Development of Orthopedic Implants

Effective Selection of Trauma Plating Fixation Method in Treatment of Bone Fractures

Posted by Amirhossein Goharian,    

  • March 23, 2017

“Effective General and Specific Clinical-Biomechanical challenges of fracture fixation in selection of appropriate plating fixation method for successful clinical outcomes”


According to the type and severity of the bone fractures, an appropriate trauma fixation method is selected by the orthopaedic surgeons. Trauma plating fixation method (using plate and screws) are currently in high interest for fixation of bone fractures. Plating fixation have been found more effective in fixation of long and small bones compared to intramedullary nailing and external fixation methods. Plate can be manufactured in different shape, size, and various trajectories of the screw holes to be compatible with various aspects of the bones for effective buttressing and capturing of the bone fragments. Although various plates have been developed by the orthopaedic manufacturers, however, the selection of adequate plate based on the fracture type and severity has been the main challenge of orthopaedic surgeons. Normally, experienced surgeons are used to study the fracture characteristics by CT scan 3D reconstruction for better visualizing of the bone fracture site if required. Based on their experience and available plate and screw systems, they select various types of suitable plates to be prepared before the operation. This would allow them to have multiple solutions when the fracture site is opened.


Other than type and severity of the bone fracture, the associated biomechanical and clinical requirement and challenges of the fracture fixation would be greatly important for selecting of the proper plate. In respect to the trauma fracture fixation, straight plate or intramedullary nail would be alternative solutions for fixation of fracture at the shaft portion of the bone due to bone simple anatomy at this zone. In severe multi-fragmentary open fractures, external fixators are also utilized in combination with internal fixation methods (e.g. plating fixation) for temporary immobilization of the fracture site during primary healing of the soft tissues. However, when the fracture is occurred in proximal and distal portions of the bone, particularly with involvement of articular surface at the joints, biomechanical and clinical requirements of fracture fixation are more complicated than fixation of bone fracture at the shaft portion. In one hand, the plate shape is designing anatomically similar to the bone anatomy at the proximal and distal metaphyseal bone which challenges the biomechanical strength of the plate under various static and dynamic physiological loading conditions. On the other hand, lower soft tissue coverage and soft tissue attachments at the proximal and distal metaphyseal bone challenge the placement of the plate with no soft tissue irritation (or even soft tissue rupture) during healing of the fracture. Likewise, effective capturing of the bone fragments in multi-fragmentary fractures at metaphyseal portions of the bone would be crucial to be effectively managed. Furthermore, configuration and type of screws would be essential to achieve a good fracture fixation with optimal strength, stiffness, and flexibility during healing of the fracture. Other than these biomechanical and clinical challenges, understanding of the boundary and loading conditions at the proximal and distal portion of the bone could remarkably promote management of the fracture fixation at metaphyseal zones.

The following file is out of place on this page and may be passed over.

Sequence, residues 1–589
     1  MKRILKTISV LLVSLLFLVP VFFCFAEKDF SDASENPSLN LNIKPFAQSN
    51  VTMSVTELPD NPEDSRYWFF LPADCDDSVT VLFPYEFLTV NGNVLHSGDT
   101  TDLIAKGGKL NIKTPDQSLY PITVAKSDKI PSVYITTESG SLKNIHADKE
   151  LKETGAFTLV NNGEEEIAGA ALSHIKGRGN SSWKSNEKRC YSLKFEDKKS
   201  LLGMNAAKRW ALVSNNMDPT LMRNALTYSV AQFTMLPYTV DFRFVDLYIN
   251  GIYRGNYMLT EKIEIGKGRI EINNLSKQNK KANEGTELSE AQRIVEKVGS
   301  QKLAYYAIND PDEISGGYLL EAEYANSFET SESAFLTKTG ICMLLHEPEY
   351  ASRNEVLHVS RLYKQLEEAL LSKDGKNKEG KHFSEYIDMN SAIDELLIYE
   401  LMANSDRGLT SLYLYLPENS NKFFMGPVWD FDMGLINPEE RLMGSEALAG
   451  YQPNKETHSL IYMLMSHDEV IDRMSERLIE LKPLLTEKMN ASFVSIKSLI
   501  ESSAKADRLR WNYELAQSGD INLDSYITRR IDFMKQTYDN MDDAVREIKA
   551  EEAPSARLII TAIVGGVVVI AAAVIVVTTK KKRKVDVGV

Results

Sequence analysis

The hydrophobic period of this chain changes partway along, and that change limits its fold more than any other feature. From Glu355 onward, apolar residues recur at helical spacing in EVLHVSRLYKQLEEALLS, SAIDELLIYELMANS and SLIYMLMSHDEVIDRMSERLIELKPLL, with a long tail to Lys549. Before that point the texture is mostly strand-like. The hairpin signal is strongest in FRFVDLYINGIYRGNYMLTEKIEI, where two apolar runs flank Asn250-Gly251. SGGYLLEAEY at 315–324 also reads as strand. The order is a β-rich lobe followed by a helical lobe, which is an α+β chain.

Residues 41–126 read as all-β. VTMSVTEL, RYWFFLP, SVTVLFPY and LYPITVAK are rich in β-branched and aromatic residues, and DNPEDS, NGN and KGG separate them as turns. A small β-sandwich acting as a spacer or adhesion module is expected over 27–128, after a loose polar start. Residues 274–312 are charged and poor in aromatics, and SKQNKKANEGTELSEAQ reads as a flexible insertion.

In addition of these general biomechanical and clinical challenges of trauma plating fixation, there would be other specific challenges for fracture fixation of each bone which need to be biomechanically and clinically contemplated. Trauma Plating Systems reviews and discusses the clinical and biomechanical aspects of trauma plating fixation while challenging the biomechanical evaluation methods of trauma plating systems. The general clinical-biomechanical topics are represented in section II (Chapter 4-6), while the specific clinical-biomechanical considerations are discussed in section IV (Chapter 10-16) for the humerus, forearm, femur, tibia, fibula, hand, foot, pelvic, and clavicle bones. For instance, the specific topics that are reviewed for fixation of humeral bone fractures (Chapter 10) are highlighted as following; 


Proximal humeral fracture fixation

  • Rotator cuff force during abduction of humeral head
  • Fixation of humeral head fracture with locking plates
  • Effect of bone density on fixation of humeral head fractures
  • Evaluation of humeral head fixation at early stage of fracture healing
  • Fixation with fragmentary involvement at medial side
  • Combination of locking plating and fibular allograft
  • Testing setup for biomechanical evaluation of humeral head fracture fixation
  • Fixation of multi-fragmentary humeral head fracture (type AO-C)
  • Consideration of muscle-tendon force in biomechanical evaluation of plating fixation
  • Stiffness of fracture fixation
  • Failure of proximal humerus plate
  • Clinical outcomes & complications


Distal humeral fracture fixation

  • Double plating fixation for extra-articular osteotomy
  • Double plating fixation with intra-articular osteotomy
  • Pre-countered plate vs. reconstruction plate
  • Preservation of distal humeral radial column
  • Plate and screw configuration in double plating fixation
  • Fixation of diaphyseal portion of distal humeral
  • Fixation of low transcondylar fractures at distal humerus bone


* Figure at opening of this post has been first published in the study “Park, S.-G., Medial and Lateral Dual Plate Fixation for Osteoporotic Proximal Humerus Comminuted Fracture: 2 Case Reports. Journal of the Korean Fracture Society, 2016. 29(1): p. 61-67″.